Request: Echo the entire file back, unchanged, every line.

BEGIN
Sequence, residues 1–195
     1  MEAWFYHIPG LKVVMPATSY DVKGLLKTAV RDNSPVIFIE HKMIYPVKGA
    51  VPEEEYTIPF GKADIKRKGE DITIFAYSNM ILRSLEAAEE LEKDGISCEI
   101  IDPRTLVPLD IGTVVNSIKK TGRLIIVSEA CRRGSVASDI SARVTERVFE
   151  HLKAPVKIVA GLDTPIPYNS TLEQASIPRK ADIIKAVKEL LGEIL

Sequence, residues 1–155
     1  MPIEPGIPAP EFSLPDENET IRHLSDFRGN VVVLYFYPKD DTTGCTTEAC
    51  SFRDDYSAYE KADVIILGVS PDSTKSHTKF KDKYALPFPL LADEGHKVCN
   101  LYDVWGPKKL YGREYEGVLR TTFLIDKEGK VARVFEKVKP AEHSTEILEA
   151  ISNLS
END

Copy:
Sequence, residues 1–195
     1  MEAWFYHIPG LKVVMPATSY DVKGLLKTAV RDNSPVIFIE HKMIYPVKGA
    51  VPEEEYTIPF GKADIKRKGE DITIFAYSNM ILRSLEAAEE LEKDGISCEI
   101  IDPRTLVPLD IGTVVNSIKK TGRLIIVSEA CRRGSVASDI SARVTERVFE
   151  HLKAPVKIVA GLDTPIPYNS TLEQASIPRK ADIIKAVKEL LGEIL

Sequence, residues 1–155
     1  MPIEPGIPAP EFSLPDENET IRHLSDFRGN VVVLYFYPKD DTTGCTTEAC
    51  SFRDDYSAYE KADVIILGVS PDSTKSHTKF KDKYALPFPL LADEGHKVCN
   101  LYDVWGPKKL YGREYEGVLR TTFLIDKEGK VARVFEKVKP AEHSTEILEA
   151  ISNLS